Saturday , February 27 2021

Vaccination against Covid-19 may begin in February in Latvia



In Latvia, according to a very optimistic estimate, the wave of vaccination against Covid-19 could start in February, said Dace Zavadska, President of the State Council for Immunization for the portal “lsm.lv”.

Once the vaccine has been registered with the European Medicines Agency, it will take at least a few more weeks for the vaccine to be delivered first to EU countries and then to vaccination offices. “Therefore, according to a very optimistic estimate, the vaccination itself could start in February,” Zavadska said.

These vaccines will not be available for a certain amount, including in private clinics. All at-risk groups will be vaccinated in return – doctors, people over 60, police officers, teachers and so on. “If then we see that the vaccines are still left, we will expand the circle to which they will be available. “But it will certainly not happen that private clinics start creating their own pay queues,” Zavadska said.

Initially, vaccinations will be carried out by hospitals, probably mobile teams. After that, the big medical centers will be gradually involved, but later probably the family doctors as well.

Yuri Perevoshchikov, director of the Infectious Disease Risk Analysis and Prevention Department at the Center for Disease Control and Prevention (SPCC), said that according to the World Health Organization, vaccine needs of all countries would be met by September next year. “It does not happen immediately, in January, that enough vaccines are made for everyone,” the expert added.

Regarding the duration of the immunity, Zavadska points out that some patients in the groups for voluntary examination of vaccine developers already had a full course of vaccination during the summer. The level of antibodies does not seem to have decreased for them yet, but it is still not clear whether the immunity will last for a year, two or five years. For now, this infection does not look like a lifelong vaccine.

It is currently not possible to say whether the public will have to live with Covid-19 for a long time. There are many infectious diseases with flare-ups, peaking every three or five years, but there is a decline in morbidity between epidemics. It is possible that Covid-19 may be similar, and that much of the world’s population will eventually become immune, either to the vaccine or to the disease.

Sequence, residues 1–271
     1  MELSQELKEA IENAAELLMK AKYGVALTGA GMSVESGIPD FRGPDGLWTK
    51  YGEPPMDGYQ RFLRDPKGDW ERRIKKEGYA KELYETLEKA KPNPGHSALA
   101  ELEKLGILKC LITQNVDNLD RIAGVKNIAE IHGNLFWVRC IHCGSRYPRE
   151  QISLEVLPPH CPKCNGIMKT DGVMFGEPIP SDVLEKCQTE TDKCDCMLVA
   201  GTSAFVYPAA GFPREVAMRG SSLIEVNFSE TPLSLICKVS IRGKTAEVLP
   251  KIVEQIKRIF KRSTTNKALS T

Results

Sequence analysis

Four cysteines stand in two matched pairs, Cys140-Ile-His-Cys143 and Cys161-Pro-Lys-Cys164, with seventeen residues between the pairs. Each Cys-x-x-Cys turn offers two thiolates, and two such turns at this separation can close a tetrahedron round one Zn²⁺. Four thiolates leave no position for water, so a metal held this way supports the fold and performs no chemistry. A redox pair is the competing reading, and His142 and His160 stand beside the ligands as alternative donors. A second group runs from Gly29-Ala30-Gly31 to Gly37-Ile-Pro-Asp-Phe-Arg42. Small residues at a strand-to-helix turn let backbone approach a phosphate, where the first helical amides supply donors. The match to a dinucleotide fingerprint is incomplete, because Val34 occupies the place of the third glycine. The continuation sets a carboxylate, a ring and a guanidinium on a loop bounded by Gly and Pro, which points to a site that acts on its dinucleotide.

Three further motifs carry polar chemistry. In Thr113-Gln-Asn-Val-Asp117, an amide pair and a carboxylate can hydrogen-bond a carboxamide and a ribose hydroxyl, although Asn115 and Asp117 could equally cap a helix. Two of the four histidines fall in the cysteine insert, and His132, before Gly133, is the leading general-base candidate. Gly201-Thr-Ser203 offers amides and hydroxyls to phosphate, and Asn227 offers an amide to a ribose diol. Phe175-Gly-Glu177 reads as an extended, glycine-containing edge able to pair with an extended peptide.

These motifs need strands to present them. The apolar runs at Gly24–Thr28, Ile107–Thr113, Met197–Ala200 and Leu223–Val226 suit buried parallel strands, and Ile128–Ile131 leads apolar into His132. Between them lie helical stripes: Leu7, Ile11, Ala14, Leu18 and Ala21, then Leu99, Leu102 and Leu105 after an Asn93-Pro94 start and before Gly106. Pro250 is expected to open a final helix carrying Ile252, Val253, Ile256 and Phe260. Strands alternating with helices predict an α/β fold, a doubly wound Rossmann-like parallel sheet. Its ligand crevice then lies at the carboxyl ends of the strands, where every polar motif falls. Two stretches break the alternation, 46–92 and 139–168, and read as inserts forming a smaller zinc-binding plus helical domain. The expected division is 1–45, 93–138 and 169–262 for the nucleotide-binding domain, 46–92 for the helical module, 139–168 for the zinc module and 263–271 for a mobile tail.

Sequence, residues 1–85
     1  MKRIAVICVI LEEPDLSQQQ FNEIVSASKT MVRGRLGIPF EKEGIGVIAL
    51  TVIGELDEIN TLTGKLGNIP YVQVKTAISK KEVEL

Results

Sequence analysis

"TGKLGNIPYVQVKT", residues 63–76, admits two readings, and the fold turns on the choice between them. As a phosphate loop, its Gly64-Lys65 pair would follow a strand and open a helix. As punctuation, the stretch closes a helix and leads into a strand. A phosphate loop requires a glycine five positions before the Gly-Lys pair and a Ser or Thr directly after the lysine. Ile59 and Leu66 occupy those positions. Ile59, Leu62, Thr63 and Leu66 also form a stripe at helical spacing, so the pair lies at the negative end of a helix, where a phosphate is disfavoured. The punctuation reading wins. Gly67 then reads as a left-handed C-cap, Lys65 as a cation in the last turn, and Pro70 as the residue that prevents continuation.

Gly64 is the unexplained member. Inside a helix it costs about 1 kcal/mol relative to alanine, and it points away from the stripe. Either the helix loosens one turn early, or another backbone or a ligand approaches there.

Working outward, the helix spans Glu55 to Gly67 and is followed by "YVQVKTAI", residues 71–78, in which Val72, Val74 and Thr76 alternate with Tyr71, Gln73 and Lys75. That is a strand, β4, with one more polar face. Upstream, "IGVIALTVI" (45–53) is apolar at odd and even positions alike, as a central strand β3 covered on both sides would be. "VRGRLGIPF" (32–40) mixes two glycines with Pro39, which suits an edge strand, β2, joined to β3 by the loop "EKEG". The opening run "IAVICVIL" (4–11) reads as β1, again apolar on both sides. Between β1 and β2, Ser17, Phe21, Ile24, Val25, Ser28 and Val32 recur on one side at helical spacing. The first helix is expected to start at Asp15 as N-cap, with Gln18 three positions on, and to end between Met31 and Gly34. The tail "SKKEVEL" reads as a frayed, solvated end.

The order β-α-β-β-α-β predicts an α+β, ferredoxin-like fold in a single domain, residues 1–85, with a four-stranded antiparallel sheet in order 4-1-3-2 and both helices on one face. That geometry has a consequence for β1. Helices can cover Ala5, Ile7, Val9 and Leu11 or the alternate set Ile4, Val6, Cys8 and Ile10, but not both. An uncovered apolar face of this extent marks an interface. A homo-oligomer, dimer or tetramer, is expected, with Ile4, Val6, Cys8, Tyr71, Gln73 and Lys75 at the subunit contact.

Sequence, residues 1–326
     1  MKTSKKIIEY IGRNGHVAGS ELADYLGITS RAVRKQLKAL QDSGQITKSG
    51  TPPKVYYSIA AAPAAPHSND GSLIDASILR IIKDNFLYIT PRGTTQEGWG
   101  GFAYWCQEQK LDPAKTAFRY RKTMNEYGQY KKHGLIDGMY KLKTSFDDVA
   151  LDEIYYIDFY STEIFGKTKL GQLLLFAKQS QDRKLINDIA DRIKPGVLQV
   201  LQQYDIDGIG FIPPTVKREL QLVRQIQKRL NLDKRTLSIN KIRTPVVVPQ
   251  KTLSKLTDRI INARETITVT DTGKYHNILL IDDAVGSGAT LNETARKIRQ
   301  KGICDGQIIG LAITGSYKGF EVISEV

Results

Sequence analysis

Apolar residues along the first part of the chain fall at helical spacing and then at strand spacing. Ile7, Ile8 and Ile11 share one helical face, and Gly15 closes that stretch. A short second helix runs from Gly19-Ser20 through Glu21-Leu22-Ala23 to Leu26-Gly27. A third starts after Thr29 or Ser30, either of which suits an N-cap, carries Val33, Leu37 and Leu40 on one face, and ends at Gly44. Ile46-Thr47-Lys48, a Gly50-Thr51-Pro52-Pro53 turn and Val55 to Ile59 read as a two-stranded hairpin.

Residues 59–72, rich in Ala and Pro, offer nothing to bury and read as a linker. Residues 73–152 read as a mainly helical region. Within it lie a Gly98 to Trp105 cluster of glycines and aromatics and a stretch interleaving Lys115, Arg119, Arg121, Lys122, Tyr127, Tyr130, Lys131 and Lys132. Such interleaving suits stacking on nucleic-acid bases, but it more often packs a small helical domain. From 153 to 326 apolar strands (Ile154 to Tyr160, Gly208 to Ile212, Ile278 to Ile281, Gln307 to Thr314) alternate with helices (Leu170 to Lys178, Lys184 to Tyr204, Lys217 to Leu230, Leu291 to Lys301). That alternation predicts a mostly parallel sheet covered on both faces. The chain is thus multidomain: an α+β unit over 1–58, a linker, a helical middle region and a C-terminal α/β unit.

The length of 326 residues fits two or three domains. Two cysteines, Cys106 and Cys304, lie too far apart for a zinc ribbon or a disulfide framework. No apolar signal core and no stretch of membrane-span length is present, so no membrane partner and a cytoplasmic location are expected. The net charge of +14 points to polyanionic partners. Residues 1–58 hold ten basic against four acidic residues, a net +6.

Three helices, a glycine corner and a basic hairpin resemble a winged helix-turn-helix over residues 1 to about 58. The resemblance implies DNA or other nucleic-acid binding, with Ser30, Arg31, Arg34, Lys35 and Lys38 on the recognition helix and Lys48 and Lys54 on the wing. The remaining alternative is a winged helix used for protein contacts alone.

Zavadska also noted that all three vaccine manufacturers in the European Union – Pfizer, Moderna and AstraZeneca – have applied for an expedited assessment, but which one will be approved by the European Medicines Agency at this time. Latvia has high hopes for all three vaccines.

Residents will have no particular choice as to which vaccines to receive. “One vaccine may be more effective for the elderly, another for the young. We will evaluate it. However, in general, of course, there will be no special options for selection,” Zavadska said.

It has already been announced that the European Medicines Agency (EMA) this week received two applications for registration of vaccines against Covid-19 – from BioNTech and Pfizer, as well as from the pharmaceutical company Moderna.

The ECA plans to issue a recommendation for the vaccine developed by BioNTek and Pfizer by December 29, and for the Moderna vaccine by January 12. If it is concluded that these vaccines are effective, high quality and safe, the ESA will recommend that the European Commission approve or register them. Once the vaccine is registered in the European Union (EU), it will be available at the same time in the same quantities in all EU Member States as soon as possible, from a few weeks to a few months.

The Latvian Ministry of Health estimates that vaccinating the Latvian population against Covid-19 in 2021 could cost 26.7m euros. These costs include payment for vaccines, their delivery, logistics and administration and are planned to cover unforeseen costs from the state budget.

Meanwhile, Foreign Ministry Secretary of State Daina Merman-Umbrasko revealed this week in the Latvian program “Crosspoints” that she hopes to receive the first vaccines against Covid-19 by Christmas or early next year.

She said it was planned to initially receive 6,000 vaccines, which would be used to vaccinate doctors.


Source link